I’ve stumbled across some awesome Google Spreadsheet formulas and wanted to share them so others can find some enjoyment with them. Ok, so I guess that sounds kind of nerdy, but definitely take note of these as I am willing to bet you will find use for them in your Google Spreadsheets. As I continue to find these awesome Google Spreadsheet formulas I will update this article accordingly. So in short, check back for updates!

You can see these formulas in action on my Google Spreadsheet located here: Google Spreadsheet Formulas

In addition, for a complete list of Google Spreadsheet Formulas visit their official documentation.

GoogleFinance()

This formula retrieves market information from Google Finance relative to the specified company.

Syntax: =GoogleFinance(symbol, attribute)
Usage:
=GoogleFinance("AAPL","price")
=GoogleFinance(A1,"price")

Description:The Google Finance formula is pretty much what it sounds like. You can use this formula to look up financial information relative to the company you selected. There are several attributes that can be selected in this formula, which Google has so graciously provided in their official documentation for the GoogleFinance() formula. For ease of use, here are some of the common attributes from the Google Documentation that you can use with this formula.

  • price – market price of the stock – delayed by up to 20 minutes.
  • priceopen – the opening price of the stock for the current day.
  • high – the highest price the stock traded for the current day.
  • low – the lowest price the stock traded for the current day.
  • volume – number of shares traded of this stock for the current day.
  • marketcap – the market cap of the stock.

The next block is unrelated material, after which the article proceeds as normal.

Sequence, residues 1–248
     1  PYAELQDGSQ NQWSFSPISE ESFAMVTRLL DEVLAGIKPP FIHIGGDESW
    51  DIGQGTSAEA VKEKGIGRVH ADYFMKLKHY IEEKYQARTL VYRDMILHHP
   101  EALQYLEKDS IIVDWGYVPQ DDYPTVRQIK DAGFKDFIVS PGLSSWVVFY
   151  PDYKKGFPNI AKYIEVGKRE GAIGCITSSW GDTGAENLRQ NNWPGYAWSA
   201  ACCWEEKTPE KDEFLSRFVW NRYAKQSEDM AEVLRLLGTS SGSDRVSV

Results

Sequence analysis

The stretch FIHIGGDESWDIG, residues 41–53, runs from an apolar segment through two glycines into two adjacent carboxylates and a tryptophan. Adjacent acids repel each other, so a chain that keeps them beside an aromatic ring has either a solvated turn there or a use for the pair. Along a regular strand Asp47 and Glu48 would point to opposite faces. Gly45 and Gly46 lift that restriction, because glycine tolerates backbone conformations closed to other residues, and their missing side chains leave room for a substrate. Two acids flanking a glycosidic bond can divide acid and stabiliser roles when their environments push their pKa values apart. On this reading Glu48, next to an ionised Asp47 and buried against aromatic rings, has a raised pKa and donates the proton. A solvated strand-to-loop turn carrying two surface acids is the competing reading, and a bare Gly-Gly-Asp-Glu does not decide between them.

• high52 – the 52-week high for this stock.
  • low52 – the 52-week low for this stock.
  • change – the change in the price of this stock since yesterday’s market close.
  • changepct – the percentage change in the price of this stock since yesterday’s close.
  • closeyest – yesterday’s closing price of this stock.
  • shares – the number of shares outstanding of this stock.

GoogleTranslate()

This formula translates text from one language to another.

Syntax: GoogleTranslate(text, fromLanguage, toLanguage)
Usage:
=GoogleTranslate("Hello","en","es")
=GoogleTranslate(A1,"en","es")
=GoogleTranslate("Hola")
=GoogleTranslate(A2)

Description:The Google Translate formula can take text and translate it from one language and in to another. The formula to and from language uses the ISO 639-1 language code and can translate into over 40 languages. The formula also allows for you to omit the toLanguage and have Google set the language automatically to your default language. You can find a complete list of usage and accepted language translations in Google’s official documentation for the GoogleTranslate() formula. In addition, below is a short list of some of the languages this formula will translate to/form.

  • ar – Arabic
  • zh – Chinese
  • en – English
  • es – Spanish
  • de – German

Unique()

This formula returns only the unique values in an array.

Syntax: =Unique(SourceArray)
Usage:
=Unique({1;3;5;3;7;1;2})
=Unique(A1:A10)
=Unique(A1:B10)

Description:The Unique formula will pull a list of unique values from a set of values in either a row or a column. This formula can be used both statically or dynamically, and once adding the formula it will create the Continue() in adjacent cells to display the array.